Lily Eskelsen García
Lily Eskelsen García, president of the National Education Association, will join AHCJ’s webcast, “Reporting on school reopenings in the time of COVID-19,” scheduled for Thursday.
She will join Enriqueta Bond, Ph.D., chair of the National Academies of Sciences, Engineering, Medicine advisory committee on Reopening K-12 Schools in the Time of COVID-19; and Tina Q. Tan, M.D., professor of pediatrics and pediatric infectious diseases attending physician at Northwestern University’s Feinberg School of Medicine. The webcast will be moderated by Bara Vaida, AHCJ’s core topic leader on infectious diseases. Continue reading
America’s 13,000 school systems have been under tremendous pressure to reopen in-person classes this fall but are struggling with how to do it safely and handle the increased costs.
The CDC on July 23 launched a webpage highlighting what it described as science-based resources and tools to guide school administrators, childcare providers, teachers and parents in resuming operations. Some of the content, however, has been criticized by experts who advocate a more cautious approach. Continue reading
As businesses and communities across the country reopen, many Americans continue to have questions about how they can interact safely with one another.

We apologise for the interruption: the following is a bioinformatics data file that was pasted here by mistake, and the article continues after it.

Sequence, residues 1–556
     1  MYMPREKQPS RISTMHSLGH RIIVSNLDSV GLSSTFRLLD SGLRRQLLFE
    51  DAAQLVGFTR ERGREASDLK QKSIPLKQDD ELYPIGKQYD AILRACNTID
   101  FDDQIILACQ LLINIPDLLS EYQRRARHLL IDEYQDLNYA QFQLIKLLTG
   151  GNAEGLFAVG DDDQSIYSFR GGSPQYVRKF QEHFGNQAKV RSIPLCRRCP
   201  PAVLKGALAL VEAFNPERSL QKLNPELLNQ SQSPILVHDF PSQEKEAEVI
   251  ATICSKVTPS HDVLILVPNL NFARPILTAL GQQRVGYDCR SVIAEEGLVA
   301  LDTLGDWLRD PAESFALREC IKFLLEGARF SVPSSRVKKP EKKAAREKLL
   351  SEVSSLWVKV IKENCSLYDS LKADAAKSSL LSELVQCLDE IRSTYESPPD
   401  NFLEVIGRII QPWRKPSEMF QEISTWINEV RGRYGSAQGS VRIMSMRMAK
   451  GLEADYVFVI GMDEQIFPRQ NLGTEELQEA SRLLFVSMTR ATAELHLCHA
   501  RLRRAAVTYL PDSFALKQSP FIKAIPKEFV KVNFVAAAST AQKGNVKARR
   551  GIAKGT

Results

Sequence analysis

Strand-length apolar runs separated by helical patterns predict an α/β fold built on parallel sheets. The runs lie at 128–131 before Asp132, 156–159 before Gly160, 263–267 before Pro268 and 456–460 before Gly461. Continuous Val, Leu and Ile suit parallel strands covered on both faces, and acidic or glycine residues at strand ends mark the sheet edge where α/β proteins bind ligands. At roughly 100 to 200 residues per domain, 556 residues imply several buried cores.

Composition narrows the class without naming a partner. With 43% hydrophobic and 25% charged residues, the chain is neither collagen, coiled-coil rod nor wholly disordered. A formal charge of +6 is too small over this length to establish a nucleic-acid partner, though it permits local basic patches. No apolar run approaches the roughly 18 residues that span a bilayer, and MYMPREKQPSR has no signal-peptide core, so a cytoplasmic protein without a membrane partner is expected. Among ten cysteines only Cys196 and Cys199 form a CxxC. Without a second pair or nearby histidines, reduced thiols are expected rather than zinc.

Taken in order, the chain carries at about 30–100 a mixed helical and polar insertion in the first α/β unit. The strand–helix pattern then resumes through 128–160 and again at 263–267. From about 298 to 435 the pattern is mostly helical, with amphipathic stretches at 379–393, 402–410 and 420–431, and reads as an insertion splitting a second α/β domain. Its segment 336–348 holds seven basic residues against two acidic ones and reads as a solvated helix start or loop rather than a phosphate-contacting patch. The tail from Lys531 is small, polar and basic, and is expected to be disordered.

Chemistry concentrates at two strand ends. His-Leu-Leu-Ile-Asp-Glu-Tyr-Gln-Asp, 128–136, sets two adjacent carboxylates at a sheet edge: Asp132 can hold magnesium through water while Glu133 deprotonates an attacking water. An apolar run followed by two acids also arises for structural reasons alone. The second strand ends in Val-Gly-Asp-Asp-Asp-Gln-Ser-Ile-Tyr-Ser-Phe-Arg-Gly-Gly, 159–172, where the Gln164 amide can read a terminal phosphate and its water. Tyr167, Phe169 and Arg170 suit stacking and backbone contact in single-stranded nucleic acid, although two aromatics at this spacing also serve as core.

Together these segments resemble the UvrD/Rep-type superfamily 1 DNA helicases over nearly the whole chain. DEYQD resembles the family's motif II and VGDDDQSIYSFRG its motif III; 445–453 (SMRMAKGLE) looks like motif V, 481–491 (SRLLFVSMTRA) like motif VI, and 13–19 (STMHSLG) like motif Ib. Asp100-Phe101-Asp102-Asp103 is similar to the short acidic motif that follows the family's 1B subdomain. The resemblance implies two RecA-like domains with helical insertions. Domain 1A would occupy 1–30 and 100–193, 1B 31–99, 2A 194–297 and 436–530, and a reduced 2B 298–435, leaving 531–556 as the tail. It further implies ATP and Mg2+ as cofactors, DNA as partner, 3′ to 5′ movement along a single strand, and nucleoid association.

Conflicting advice from President Trump, the World Health Organization and the Centers for Disease Control and Prevention about masks and asymptomatic transmission of SARS-CoV-2, the virus that causes COVID-19, has created confusion and made our work to get answers to questions about safety more challenging.
To get some clarity, AHCJ will hold a webcast at noon E.T. on Wednesday, June 17 featuring Erin Bromage, an associate professor of biology at the University of Massachusetts, Dartmouth, who will share his knowledge about SARS-CoV-2 spreads. Continue reading
Photo: Pia Christensen/AHCJDonald Warne, M.D., M.P.H.
The novel coronavirus has affected underserved communities and people of color at disproportionately high rates, including taking an extraordinary toll among Native Americans as measured in rates of infections and deaths.
To assist health care journalists covering the pandemic’s effect on Native Americans, the Association of Health Care Journalists will host a webinar with Donald Warne, M.D., MPH, at 1:30 pm ET on Wednesday, June 10. Continue reading
The race to develop a vaccine against SARS-CoV2, the virus that causes COVID-19, is picking up speed with early promising results from initial studies, and President Trump predicting there will be “hundreds of millions of doses” of vaccine by the end of 2020.
Journalists have reported on these early results, as well as Trump’s comments, which may leave the public with a misunderstanding about the process of vaccine development. Continue reading
Kentucky, Nebraska, Nevada and North Dakota are the only four states in the U.S. that (as of May 13) have provided zero disaggregated data on the racial and ethnic impact of COVID-19 on its residents, even as there is a growing body of evidence nationwide demonstrating the pandemic is having a disproportionate effect on communities of color.
This lack of transparency in key parts of the country is among several under-covered stories for reporters to pursue in their communities, according to panelists who offered advice on covering disparities and COVID-19 at an AHCJ webcast on May 13. Continue reading